About 3/4 of the way through the Ridge and Valley Trail.....I thought I was going to die. I was out of water in my water bottle. My legs were ON FIRE from running the hills. My body was exhausted. I texted Bradley, who was at home with the boys, and told him.....
"I don't know if I will make it off this trail. I haven't seen another human in forever. I don't think I can make it back to the finish line. And I think I may even be lost or something. This trail is sooo long."
But just as I was about to throw in the towel....I saw the faint glow of another person's headlamp. The person ended up being the event photographer. He snapped this picture of me as I was climbing yet another "Ridge" on the trail.
He had a thick Indian accent as he shouted...
"Hello, runner! Are you OK runner? I haven't seen any other peoples on this trail, runner. I am take your picture, then I leave this trail. Are you feel OK runner? Yay, runner."
I have never been so happy to see another human as I was to see Suman the Indian at that moment. He let me know that I wasn't lost in the the woods after all. And I knew that I might make it to the book, get the page out, and get back to the finish line alive.
I continued running and finally got to the end where the most glorious book awaited me. I cheerfully took the page and put it into my running belt. I was more than elated to get to the end of the Ridge and Valley Trail to see that there was an alternative trail back to the finish line. I think that if someone had told me that I would have to retrace my steps and run Ridge and Valley again, that I may have died right there on the spot.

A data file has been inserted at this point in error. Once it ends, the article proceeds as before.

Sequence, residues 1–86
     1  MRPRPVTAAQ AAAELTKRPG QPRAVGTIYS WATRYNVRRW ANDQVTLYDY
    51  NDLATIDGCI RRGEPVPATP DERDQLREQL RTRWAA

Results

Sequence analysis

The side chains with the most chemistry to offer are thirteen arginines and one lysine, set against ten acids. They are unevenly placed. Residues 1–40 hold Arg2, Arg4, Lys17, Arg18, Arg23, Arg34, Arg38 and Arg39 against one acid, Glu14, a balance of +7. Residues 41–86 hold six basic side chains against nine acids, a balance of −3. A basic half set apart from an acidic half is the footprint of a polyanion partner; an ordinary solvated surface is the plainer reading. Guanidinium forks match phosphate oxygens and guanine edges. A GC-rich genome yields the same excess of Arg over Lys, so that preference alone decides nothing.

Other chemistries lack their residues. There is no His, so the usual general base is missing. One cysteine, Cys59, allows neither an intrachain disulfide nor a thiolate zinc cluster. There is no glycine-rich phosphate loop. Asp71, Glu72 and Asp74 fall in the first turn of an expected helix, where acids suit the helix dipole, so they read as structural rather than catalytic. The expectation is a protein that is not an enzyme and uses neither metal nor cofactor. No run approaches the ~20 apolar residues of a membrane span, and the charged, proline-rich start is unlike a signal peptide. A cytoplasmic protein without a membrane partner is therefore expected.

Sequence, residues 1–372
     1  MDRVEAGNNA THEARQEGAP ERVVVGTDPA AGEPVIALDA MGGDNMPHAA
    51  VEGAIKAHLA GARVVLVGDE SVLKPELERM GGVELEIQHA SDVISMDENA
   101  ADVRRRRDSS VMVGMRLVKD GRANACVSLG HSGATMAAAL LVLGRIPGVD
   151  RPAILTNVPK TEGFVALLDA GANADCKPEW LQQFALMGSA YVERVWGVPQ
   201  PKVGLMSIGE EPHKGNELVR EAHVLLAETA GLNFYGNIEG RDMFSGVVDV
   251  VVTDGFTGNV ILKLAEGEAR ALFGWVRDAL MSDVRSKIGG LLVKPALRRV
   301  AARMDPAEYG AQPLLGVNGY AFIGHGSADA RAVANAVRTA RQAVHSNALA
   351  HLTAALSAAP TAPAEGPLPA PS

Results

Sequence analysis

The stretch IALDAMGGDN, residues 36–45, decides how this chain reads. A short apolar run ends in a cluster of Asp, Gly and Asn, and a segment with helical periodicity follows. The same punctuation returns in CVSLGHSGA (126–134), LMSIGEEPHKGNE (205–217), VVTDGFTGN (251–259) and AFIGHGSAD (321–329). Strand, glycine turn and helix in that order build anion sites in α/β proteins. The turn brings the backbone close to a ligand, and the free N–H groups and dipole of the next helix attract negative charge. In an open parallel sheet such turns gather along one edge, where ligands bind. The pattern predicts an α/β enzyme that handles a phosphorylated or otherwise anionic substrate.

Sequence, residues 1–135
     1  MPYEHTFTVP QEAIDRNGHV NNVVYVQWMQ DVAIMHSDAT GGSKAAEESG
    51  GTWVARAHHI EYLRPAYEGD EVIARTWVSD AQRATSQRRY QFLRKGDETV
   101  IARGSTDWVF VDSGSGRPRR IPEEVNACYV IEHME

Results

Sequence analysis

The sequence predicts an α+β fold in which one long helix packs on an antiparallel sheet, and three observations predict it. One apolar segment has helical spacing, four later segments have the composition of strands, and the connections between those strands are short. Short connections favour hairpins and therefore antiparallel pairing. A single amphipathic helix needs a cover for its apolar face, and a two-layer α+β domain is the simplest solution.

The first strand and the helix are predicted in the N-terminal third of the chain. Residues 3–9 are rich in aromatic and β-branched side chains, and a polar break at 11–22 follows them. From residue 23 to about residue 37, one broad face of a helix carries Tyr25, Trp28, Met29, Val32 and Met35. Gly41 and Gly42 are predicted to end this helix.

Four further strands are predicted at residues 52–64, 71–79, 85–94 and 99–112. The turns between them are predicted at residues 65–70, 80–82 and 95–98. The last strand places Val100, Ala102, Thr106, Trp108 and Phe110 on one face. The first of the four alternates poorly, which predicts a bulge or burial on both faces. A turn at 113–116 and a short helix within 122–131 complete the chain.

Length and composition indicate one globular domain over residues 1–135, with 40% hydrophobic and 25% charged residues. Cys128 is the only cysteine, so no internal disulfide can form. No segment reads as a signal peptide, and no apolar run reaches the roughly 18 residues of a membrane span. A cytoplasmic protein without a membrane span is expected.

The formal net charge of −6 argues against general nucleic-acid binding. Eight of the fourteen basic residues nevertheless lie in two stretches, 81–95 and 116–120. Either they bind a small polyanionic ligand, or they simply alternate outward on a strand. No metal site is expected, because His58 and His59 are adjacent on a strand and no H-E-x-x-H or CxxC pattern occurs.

I made it back to the finish line and my team mates arrived shortly after with the books they had found. My legs were shaking like jello. I was thirsty and hungry and exhausted, but I had had probably my best run ever.
I ended up covering close to 10 miles of trails in the dark and collected 7 of our team's 10 book pages. Our collection of 10 hidden book pages was enough to win our team a 3rd place.
For the past 3 days since the race, I have taken Ibuprofen every 4 hours to help with my aching muscles. My legs have hurt so bad that I could barely walk. I have never, ever been so sore from any exercise.
What did we get for this punishment to our bodies???
I know you are jealous.
And bragging rights for completing the race.
Was it worth it?
I don't know.
I'll let you know the answer to that when I am finally able to walk normally again without Ibuprofen.